As shown in FIGS. 10 and 11, an electron emission device according to a fourth embodiment of the present invention has the basic structural components of the electron emission device related to the third embodiment as well as gate and focusing electrodes 36 and 38 to be explained below.

In this embodiment, the gate electrodes 36 have opening portions 361 with a width larger than the opening portions 341 of the first insulating layer 34. The opening portions 361 of the gate electrodes 36 partially expose the surface of the first insulating layer 34 with excellent shape precision such that they are spaced apart from the electron emission regions 12 uniformly at a predetermined distance. The focusing electrode 38 has opening portions 381 with a width larger than the opening portions 301 of the second insulating layer 30. The opening portions 381 of the focusing electrode 38 partially expose the surface of the second insulating layer 30 with excellent shape precision. The focusing electrode 38 is spaced apart from the bundle of electron beams uniformly at a predetermined distance.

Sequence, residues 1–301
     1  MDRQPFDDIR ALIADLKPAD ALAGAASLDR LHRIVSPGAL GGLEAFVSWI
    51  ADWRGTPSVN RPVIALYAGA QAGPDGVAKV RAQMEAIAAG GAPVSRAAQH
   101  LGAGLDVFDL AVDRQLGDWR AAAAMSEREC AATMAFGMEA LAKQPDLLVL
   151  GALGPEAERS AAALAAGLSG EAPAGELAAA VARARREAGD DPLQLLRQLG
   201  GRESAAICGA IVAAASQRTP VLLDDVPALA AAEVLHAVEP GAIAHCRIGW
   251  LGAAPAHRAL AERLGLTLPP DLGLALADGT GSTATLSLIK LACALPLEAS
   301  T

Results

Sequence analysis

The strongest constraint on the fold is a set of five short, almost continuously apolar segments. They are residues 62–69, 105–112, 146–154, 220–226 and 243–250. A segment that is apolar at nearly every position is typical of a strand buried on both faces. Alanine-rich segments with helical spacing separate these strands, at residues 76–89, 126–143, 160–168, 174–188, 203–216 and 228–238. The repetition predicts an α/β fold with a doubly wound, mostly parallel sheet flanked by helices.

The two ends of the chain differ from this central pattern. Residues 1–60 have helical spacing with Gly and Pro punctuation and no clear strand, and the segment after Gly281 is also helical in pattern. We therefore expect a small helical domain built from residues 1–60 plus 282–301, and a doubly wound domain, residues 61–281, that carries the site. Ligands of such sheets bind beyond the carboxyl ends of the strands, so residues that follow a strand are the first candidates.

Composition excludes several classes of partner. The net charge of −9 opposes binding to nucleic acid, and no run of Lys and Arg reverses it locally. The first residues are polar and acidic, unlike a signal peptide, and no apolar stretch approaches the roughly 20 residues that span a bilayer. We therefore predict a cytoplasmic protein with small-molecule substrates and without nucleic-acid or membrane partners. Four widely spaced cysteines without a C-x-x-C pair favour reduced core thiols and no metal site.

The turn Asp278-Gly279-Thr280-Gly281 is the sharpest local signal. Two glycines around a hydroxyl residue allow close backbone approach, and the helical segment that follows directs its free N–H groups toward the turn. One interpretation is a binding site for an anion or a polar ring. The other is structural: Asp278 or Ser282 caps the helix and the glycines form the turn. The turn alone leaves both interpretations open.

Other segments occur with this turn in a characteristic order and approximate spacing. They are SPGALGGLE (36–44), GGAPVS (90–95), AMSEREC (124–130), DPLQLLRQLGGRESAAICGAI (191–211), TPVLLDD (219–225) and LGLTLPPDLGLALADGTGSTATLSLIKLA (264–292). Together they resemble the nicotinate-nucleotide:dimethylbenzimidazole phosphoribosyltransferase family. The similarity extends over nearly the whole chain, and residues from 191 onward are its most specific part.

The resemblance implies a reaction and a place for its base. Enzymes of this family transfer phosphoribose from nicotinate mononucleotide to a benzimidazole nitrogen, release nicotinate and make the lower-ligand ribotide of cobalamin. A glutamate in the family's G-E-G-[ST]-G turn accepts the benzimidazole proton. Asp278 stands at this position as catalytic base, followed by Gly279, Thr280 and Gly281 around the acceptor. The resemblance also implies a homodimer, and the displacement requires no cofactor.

A method of manufacturing the electron emission device according to the fourth embodiment of the present invention will be now explained with reference to FIGS. 12A to 12F.

As shown in FIG. 12A, cathode electrodes 6, a first insulating layer 34 and gate electrodes 36 are sequentially formed on the first substrate 2. The gate electrodes 36 are patterned through photolithography and etching such that opening portions 362 are formed at the crossed regions thereof with the cathode electrodes 6. The gate electrodes 36 are stripe-patterned substantially perpendicular to the cathode electrodes 6. A second insulating layer 30 and a focusing electrode 38 are formed on the gate electrodes 36 and the first insulating layer 34, and the focusing electrode 38 is patterned to thereby form opening portions 382.